Mountain Agrobiodiversity Working Group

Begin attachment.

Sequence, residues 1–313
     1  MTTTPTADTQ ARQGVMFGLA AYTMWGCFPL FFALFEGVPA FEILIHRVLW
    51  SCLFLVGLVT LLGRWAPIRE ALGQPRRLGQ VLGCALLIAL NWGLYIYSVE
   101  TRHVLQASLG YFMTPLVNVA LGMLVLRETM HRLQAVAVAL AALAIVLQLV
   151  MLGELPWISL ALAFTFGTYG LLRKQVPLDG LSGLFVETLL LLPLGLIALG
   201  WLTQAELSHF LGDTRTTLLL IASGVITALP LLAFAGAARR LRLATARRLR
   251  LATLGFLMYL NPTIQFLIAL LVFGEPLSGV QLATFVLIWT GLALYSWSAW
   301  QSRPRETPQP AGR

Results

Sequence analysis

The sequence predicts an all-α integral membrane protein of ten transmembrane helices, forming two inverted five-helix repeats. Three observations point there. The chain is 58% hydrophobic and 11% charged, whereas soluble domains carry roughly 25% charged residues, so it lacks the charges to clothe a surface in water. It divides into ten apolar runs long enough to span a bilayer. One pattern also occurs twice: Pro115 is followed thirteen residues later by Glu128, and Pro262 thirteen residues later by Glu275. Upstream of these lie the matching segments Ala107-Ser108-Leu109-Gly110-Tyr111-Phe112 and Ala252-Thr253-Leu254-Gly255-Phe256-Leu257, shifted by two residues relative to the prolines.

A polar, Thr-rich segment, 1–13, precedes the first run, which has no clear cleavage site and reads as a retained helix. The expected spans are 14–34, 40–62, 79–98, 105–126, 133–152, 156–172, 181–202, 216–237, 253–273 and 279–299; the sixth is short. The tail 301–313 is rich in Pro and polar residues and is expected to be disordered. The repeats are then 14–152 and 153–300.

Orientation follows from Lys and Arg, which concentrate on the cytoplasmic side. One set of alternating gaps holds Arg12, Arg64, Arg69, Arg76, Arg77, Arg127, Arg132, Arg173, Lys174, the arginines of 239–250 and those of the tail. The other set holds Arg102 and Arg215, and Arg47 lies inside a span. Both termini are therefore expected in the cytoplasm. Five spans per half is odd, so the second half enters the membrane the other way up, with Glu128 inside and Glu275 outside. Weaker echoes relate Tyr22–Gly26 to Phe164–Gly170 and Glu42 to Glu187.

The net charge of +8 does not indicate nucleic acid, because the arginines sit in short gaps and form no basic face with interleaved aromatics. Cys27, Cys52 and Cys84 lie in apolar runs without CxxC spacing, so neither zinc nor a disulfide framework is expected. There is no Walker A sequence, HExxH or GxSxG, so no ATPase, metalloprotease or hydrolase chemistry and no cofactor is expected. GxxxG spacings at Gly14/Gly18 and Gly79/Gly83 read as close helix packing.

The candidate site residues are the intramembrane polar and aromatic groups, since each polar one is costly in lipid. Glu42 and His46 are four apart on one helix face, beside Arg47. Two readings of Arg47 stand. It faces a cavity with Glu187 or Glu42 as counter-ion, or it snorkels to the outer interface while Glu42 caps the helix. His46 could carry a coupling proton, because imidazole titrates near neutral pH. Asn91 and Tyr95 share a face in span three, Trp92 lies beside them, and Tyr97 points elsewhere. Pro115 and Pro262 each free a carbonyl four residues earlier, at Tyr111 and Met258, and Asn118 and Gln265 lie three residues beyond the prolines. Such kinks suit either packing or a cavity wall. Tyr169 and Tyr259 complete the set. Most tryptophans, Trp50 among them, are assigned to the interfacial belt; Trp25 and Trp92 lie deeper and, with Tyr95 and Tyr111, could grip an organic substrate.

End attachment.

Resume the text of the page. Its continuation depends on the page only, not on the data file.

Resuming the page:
To increase organic production is a part of the European Green Deal, which indicated in the Farm to Fork and Biodiversity Strategies the objective of 25% of the EU’s agricultural land under organic farming by 2030. Other than this, one of the latest communications of the European Commission (EU COM 380, 20.5.2020) states that by 2030, it is necessary to invert the trend of genetic erosion in agriculture by, for example, the use of traditional breeds and cultivars. The safeguarding of agrobiodiversity is an extension of the concept of biodiversity conservation that refers specifically to the varieties/races of plant, animal, and microbe species of agricultural interest, as well as crop wild relatives. The loss of agrobiodiversity represents a serious problem that has prompted governments at global and local levels to take immediate action. This resulted in the drawing up of international guidelines and strategies such as, for the European Union (EU), the EU Biodiversity Strategy 2020 and the 2030 Agenda for Sustainable Development, including principles which were integrated into some European Directives and hence acquired by EU member states. The figure of the “custodian farmer”, for example, is responsible for the production of seed and livestock in the area where they are traditionally grown (in situ). Horticultural plants varieties require particular attention due to the high number of species/varieties and their vulnerability among the various taxa that make up agrobiodiversity. This is probably due to the lack of information regarding garden crops and because cultural information (historical memory), together with the multiplication/conservation of land races conducted by local farmers and exchange of seeds of horticultural plant, has always had an informal aspect not subject to written rules. Hence, a significant number of unknown land races (herbaceous varieties of plants) could still exist isolated in farms